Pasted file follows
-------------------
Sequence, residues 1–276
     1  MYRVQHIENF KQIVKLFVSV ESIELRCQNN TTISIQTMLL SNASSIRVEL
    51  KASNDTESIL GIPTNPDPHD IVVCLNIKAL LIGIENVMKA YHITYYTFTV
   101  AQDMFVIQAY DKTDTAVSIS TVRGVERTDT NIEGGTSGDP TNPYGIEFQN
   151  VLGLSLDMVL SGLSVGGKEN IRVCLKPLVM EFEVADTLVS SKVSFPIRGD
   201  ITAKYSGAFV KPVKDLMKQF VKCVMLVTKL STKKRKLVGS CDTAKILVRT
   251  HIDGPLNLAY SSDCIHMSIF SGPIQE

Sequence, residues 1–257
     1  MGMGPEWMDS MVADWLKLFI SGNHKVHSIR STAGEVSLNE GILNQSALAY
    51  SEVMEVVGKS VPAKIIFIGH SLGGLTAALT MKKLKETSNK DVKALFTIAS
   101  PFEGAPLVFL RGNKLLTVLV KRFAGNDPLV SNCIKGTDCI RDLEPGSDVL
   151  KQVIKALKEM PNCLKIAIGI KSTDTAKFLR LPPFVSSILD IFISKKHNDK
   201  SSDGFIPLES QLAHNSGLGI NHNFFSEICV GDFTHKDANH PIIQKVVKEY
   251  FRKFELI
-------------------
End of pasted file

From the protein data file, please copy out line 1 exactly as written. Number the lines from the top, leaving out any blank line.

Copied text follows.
Sequence, residues 1–276